warnings

Alcohol

CAUTION
Caution is advised when consuming alcohol with Esotaj-D 30mg/20mg Tablet. Please consult your doctor.
warnings

Pregnancy

CONSULT YOUR DOCTOR
Esotaj-D 30mg/20mg Tablet may be unsafe to use during pregnancy. Although there are limited studies in humans, animal studies have shown harmful effects on the developing baby. Your doctor will weigh the benefits and any potential risks before prescribing it to you. Please consult your doctor.
warnings

Breastfeeding

SAFE IF PRESCRIBED
Esotaj-D 30mg/20mg Tablet is safe to use during breastfeeding. Human studies suggest that the drug does not pass into the breastmilk in a significant amount and is not harmful to the baby.
warnings

Driving

UNSAFE
Esotaj-D 30mg/20mg Tablet may decrease alertness, affect your vision or make you feel sleepy and dizzy. Do not drive if these symptoms occur.
warnings

Kidney

CAUTION
Esotaj-D 30mg/20mg Tablet should be used with caution in patients with kidney disease. Dose adjustment of Esotaj-D 30mg/20mg Tablet may be needed. Please consult your doctor.
warnings

Liver

CAUTION
Esotaj-D 30mg/20mg Tablet should be used with caution in patients with liver disease. Dose adjustment of Esotaj-D 30mg/20mg Tablet may be needed. Please consult your doctor.
Use of Esotaj-D 30mg/20mg Tablet is not recommended in patients with moderate and severe liver disease.

Alternate Brands

For informational purposes only. Consult a doctor before taking any medicines.
No alternate brands found for this medicine

Esomeprazole 40mg (EC) & Domperidone 30mg SR Capsules (ESOTAJ-DSR) Taj Pharma

  1. Name of the medicinal product

a) Esomeprazole (EC) and Dompiridone (SR) Capsules IP 20mg/30mg Taj Pharma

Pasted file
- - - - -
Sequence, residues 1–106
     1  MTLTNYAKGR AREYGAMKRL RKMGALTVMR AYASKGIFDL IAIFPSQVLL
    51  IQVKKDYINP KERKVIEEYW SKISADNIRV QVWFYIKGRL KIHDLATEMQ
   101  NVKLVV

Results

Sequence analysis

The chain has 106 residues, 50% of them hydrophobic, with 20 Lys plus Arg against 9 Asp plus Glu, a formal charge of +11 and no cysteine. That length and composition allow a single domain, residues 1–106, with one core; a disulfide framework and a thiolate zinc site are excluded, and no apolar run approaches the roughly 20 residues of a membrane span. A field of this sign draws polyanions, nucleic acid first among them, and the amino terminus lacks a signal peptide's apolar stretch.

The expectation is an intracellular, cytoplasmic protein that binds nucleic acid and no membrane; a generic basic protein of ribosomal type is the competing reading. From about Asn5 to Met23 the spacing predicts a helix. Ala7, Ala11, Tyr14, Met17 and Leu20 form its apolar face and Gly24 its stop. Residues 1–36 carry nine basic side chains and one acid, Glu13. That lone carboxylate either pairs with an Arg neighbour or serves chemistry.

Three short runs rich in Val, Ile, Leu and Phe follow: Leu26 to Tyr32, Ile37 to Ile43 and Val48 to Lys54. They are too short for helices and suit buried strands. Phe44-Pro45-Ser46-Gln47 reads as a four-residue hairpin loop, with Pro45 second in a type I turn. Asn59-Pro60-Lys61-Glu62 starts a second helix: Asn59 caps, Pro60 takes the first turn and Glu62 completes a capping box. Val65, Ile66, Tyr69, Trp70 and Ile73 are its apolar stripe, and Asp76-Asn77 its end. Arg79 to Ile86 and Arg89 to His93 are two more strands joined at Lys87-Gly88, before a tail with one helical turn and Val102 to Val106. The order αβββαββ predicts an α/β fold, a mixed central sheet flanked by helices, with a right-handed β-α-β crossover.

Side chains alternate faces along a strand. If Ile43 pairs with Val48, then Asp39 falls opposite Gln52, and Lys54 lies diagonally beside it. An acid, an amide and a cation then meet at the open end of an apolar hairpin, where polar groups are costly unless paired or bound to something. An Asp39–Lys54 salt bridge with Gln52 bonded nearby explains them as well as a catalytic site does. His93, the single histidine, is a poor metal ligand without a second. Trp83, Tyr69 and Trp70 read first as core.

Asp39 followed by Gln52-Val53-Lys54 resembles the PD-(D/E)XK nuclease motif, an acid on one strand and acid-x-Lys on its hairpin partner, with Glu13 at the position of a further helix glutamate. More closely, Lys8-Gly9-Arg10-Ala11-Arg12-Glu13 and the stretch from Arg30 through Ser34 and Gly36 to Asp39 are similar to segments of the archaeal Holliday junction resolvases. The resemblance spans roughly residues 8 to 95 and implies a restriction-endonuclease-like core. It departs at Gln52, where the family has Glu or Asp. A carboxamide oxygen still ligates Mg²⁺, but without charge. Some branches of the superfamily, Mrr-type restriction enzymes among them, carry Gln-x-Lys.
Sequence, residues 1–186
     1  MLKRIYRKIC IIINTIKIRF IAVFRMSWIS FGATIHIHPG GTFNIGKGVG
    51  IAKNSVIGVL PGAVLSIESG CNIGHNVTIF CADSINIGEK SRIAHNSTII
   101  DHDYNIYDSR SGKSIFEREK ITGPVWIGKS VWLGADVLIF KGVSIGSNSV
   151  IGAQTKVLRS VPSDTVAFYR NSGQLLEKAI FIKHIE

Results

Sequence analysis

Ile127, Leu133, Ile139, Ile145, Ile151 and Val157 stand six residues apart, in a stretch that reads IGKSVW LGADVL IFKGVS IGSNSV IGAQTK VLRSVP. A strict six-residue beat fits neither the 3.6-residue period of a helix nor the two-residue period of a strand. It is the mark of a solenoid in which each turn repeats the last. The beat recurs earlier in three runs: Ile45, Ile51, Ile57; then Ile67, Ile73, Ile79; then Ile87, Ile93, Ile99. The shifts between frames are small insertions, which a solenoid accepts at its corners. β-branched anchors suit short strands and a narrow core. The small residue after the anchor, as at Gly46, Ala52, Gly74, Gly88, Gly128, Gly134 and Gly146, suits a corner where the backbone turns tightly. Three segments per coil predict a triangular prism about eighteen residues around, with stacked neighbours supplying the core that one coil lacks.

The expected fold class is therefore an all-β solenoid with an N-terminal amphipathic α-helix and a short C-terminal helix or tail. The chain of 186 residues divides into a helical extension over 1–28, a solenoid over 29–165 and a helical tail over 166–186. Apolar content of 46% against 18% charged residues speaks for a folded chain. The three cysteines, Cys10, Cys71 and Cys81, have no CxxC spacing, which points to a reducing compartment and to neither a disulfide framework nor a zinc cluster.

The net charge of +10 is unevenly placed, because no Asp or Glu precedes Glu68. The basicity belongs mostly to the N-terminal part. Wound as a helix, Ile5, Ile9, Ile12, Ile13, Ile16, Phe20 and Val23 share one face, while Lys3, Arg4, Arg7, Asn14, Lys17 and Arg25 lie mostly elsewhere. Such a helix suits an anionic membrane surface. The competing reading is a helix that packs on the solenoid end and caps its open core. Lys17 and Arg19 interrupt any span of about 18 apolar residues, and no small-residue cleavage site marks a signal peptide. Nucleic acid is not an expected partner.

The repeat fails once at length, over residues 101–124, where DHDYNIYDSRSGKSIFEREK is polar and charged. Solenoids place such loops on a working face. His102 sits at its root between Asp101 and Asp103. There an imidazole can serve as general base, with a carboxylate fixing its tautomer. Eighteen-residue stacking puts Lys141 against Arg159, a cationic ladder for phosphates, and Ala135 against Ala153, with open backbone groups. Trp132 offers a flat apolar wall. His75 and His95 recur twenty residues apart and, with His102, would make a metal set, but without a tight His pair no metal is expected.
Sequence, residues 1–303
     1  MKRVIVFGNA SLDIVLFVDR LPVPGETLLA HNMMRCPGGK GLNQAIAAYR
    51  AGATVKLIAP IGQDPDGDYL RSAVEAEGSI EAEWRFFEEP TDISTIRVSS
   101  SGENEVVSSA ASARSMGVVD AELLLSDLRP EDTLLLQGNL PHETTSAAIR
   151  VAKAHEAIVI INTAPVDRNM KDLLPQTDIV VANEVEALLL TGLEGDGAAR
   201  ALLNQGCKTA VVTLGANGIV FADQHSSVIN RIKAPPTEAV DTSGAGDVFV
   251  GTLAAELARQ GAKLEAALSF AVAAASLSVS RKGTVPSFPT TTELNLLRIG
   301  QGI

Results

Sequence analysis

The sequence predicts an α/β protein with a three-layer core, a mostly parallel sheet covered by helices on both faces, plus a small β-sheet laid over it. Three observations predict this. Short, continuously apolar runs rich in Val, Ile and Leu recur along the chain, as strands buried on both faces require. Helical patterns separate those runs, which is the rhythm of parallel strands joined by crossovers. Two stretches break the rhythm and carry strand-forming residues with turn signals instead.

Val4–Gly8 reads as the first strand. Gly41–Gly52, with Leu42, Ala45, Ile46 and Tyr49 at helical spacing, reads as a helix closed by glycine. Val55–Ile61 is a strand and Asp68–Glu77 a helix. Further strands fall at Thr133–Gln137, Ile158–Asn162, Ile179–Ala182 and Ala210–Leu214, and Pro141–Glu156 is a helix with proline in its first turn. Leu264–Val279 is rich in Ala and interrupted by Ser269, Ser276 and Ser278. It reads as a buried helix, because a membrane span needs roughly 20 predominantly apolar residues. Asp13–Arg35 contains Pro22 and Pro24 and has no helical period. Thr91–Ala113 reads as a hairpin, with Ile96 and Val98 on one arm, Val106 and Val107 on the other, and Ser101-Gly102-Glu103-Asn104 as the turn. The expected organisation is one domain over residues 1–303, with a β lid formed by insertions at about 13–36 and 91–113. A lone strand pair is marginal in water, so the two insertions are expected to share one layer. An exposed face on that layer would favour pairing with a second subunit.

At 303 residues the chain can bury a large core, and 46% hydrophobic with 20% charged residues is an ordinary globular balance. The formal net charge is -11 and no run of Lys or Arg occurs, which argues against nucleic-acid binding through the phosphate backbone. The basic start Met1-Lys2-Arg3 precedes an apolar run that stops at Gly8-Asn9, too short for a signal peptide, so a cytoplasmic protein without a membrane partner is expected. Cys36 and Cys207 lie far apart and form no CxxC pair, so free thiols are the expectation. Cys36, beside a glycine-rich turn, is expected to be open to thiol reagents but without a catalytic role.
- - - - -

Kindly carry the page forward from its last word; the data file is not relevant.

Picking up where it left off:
b) Esomeprazole (EC) and Dompiridone (SR) Capsules IP 40mg/30mg Taj Pharma
c) Esomeprazole (EC) and Dompiridone (SR) Capsules IP 40mg/40mg Taj Pharma

2. Composition

a) Each Esomeprazole (EC) and Dompiridone (SR) IP 30mg/20mg capsule contains:
Esomeprazole Magnesium 20 mg
(as enteric-coated pellets)
Domperidone 30 mg
(as sustained-release pellets)
Excipients q.s.
b) Each Esomeprazole (EC) and Dompiridone (SR) IP 40mg/30mg capsule contains:
Esomeprazole Magnesium 40 mg
(as enteric-coated pellets)
Domperidone 30 mg
(as sustained-release pellets)
Excipients q.s.
c) Each Esomeprazole (EC) and Dompiridone (SR) IP 40mg/40mg capsule contains:
Esomeprazole Magnesium 40 mg
(as enteric-coated pellets)
Domperidone 40 mg
(as sustained-release pellets)
Excipients q.s.

3.PHARMACEUTICAL FORM:

Capsule for oral use

4.CLINICAL PARTICULARS:

4.1. Therapeutic indications:

For the treatment of adult patients with GERD (gastroesophageal reflux disease) not responding to esomeprazole alone.

4.2.  Dosage and Administration

One capsule once daily

4.3. Contraindications

PRFACID-DXRCapsules are contraindicated in patients with a known hypersensitivity to esomeprazole, domperidone or to substituted benzimidazoles or to any excipients used in the formulation. Hypersensitivity reactions, e.g., angioedema and anaphylactic shock, have been reported with esomeprazole use. This product should not be used whenever stimulation of gastric motility is to be avoided or could be harmful, e.g., in the presence of gastrointestinal hemorrhage, obstruction or perforation.

It is also contraindicated in patients with a prolactin-releasing pituitary tumor (prolactinoma), hepatic and renal impairment.

4.4 Warnings and Precautions

Esomeprazole

Concurrent Gastric Malignancy

Symptomatic response to therapy with esomeprazole does not preclude the presence of gastric malignancy.

Clostridium difficile Associated Diarrhea

Published observational studies suggest that proton pump inhibitor (PPI) therapy like esomeprazole may be associated with an increased risk of Clostridium difficile associated diarrhea (CDAD), especially in hospitalized patients. This diagnosis should be considered for diarrhea that does not improve.

Patients should use the lowest dose and shortest duration of PPI therapy appropriate to the condition being treated.

CDAD has been reported with use of nearly all antibacterial agents. For more information specific to antibacterial agents (clarithromycin and amoxicillin) indicated for use in combination with esomeprazole, refer to package inserts of those antibacterial agents.